Back to work today, and the Christmas and New Year break is already fading into memory. Like many people I took the opportunity, amongst the turkey and the tinsel, to look back at 2015, and look ahead to the Year of the Monkey. That brought into focus for me a number of issues facing the communications sector.
First, 2015 was not easy. Europe wobbled, economically and politically. Commodity prices plunged downwards, and then plumbed even greater depths. China's economic rollercoaster slowed, and depending on your view of the capability of the Communist Party leadership, is heading out of control for a hard landing, or will be brilliantly stewarded to a perfect recovery. Terror stalked the globe, creating desperate headlines everywhere. And the early stages of the US Presidential election descended into a macabre farce that often left us Americanophiles aghast.
Closer to home the picture was also of great uncertainty. The run up to the General Election made many in business hold their breath. The decisiveness of the result should have been welcome, but almost immediately we moved into a new period of uncertainty as the Conservatives began a process which could see us leaving the European Union. The economy was apparently doing well, but I have yet to meet anyone who thinks we were witnessing a genuine boom. In short, the last 12 months were turbulent for everyone, including investors and company executives.
It is easy to imagine that the big headlines in 2016 will be very similar: the prevailing winds from the global economy look likely to be unpredictable at best, and very probably adverse. The Deloitte CFO Survey reports falling business confidence. Saudi and Iranian posturing will not help the mood; nor will the fact that Chinese manufacturing output has just dropped for the fifth month running. All the evidence suggests that notwithstanding that there will be a few 'blockbuster' deals in the next few months companies will generally be cautious with their money and their activities.
To an extent, plus ca change, plus la meme chose. After all, this has been the backdrop for corporate communicators for some time. Clients are naturally more careful than in the past. Our industry must learn that simply moaning about 'procurement' is lazy, when in most cases clients simply want real value for their money. 2016 will require communications firms to continue to demonstrate that they are delivering real outcomes, and making a tangible difference to their clients. And rightly so.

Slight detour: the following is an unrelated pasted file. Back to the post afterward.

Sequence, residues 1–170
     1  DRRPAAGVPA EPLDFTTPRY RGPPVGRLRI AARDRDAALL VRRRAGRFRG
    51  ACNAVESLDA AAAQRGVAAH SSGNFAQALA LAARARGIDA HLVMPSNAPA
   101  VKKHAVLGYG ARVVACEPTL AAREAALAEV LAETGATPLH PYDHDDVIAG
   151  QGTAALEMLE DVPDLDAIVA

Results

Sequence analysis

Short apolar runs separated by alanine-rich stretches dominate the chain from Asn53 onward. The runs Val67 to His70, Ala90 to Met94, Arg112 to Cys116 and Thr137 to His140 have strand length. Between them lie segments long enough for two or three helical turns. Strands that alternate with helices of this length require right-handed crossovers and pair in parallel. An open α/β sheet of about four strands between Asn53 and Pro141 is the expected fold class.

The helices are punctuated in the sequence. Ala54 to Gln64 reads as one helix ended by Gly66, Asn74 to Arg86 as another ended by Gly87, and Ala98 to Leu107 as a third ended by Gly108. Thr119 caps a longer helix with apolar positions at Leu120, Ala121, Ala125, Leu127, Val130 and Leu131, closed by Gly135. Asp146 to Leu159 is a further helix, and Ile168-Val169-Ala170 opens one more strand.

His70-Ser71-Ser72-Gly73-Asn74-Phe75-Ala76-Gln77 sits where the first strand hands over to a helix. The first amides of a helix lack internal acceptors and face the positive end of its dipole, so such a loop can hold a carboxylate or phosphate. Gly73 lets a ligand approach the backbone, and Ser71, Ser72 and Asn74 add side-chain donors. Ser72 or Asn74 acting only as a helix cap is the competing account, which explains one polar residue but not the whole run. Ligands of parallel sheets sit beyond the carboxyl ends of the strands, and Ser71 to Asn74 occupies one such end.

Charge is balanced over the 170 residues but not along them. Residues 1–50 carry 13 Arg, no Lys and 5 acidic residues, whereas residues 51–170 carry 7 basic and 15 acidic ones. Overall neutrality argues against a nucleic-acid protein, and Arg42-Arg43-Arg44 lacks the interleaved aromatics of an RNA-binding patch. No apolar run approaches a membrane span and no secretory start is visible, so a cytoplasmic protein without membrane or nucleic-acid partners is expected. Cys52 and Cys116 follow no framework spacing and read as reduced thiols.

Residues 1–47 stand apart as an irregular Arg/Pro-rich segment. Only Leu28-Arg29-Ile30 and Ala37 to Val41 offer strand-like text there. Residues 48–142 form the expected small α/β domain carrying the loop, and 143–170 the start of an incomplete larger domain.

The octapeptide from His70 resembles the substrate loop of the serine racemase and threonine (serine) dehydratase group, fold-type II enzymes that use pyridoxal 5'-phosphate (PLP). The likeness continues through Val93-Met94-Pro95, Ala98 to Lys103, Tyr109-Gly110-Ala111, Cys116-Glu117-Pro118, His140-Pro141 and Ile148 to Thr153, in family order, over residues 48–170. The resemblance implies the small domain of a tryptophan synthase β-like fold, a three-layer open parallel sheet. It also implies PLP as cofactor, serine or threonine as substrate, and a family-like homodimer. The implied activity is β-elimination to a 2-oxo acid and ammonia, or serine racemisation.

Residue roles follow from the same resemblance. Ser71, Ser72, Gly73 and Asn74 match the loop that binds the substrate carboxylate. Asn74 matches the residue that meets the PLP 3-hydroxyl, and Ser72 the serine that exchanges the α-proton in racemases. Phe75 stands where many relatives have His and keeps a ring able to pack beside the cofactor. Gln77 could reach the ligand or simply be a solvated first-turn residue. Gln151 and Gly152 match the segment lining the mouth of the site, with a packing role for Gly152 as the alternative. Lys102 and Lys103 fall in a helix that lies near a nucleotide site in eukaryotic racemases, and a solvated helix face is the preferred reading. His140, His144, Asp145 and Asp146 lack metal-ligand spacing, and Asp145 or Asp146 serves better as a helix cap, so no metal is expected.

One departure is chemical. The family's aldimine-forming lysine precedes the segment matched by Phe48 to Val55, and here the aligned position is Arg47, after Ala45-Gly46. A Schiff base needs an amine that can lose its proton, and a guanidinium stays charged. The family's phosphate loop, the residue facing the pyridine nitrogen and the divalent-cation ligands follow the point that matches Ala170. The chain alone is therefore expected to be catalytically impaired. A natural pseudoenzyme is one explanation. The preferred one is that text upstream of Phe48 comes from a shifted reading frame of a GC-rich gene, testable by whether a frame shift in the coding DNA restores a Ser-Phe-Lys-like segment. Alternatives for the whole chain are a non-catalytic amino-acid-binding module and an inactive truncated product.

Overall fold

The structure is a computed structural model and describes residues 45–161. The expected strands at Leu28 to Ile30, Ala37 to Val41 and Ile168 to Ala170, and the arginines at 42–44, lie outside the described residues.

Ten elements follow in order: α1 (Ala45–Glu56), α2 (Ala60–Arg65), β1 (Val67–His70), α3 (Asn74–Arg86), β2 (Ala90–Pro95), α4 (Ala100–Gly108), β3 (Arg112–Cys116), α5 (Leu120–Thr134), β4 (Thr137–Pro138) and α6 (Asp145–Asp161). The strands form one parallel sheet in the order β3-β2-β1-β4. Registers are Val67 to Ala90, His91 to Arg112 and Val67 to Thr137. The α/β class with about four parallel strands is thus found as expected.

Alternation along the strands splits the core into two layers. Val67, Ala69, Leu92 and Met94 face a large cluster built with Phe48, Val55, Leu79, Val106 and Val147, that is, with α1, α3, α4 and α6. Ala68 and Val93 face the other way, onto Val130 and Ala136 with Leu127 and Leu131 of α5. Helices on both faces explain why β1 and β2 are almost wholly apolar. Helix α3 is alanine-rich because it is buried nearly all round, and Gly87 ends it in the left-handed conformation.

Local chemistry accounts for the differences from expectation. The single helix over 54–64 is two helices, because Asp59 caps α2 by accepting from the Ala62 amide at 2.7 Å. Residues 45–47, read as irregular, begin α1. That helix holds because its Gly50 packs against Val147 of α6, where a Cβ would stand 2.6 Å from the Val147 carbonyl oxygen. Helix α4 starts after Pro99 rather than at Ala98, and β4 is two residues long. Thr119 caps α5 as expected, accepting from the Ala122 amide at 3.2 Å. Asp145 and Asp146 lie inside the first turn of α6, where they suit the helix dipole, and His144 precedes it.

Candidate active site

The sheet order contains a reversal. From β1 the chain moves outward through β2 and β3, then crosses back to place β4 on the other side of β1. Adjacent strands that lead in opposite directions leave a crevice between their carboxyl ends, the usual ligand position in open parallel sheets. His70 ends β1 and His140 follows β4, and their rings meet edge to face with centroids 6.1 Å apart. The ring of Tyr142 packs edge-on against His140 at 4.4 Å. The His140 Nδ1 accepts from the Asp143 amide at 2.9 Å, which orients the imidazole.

Thus in 2016 clients will demand even greater creativity in their corporate and financial comms. More and more of them will seek deeper integration across consumer, investor and stakeholder engagement. They will also be looking for greater innovation, particularly but not exclusively in the use of digital and social channels. But at the same time in an uncertain world the 'old-fashioned' trusted advisor will be as much in demand as ever.
In response to this more demanding environment the corporate communications landscape is shifting. Some of the most admired businesses in our industry, such as Blue Rubicon and Portland, now have been bought by much bigger players. In several cases companies have been pushed together - witness Fleishman and Fishburn, or Blue Rubicon (again), Pendomer, StockWell and Open Road - whether simply for scale or to drive integration and innovation by bringing different disciplines under one roof.
In 2016 we will see how these new combinations fare: will they gain momentum, or lose something that previously made them special? Which form of ownership works best for our industry? And which other leading names will be snapped up, broken apart or picked clean of their best people? We can be sure that the Year of the Monkey will bring much change: and we can be equally sure that our industry will look very different by the time we break up for the next Christmas holiday.Suggest a correction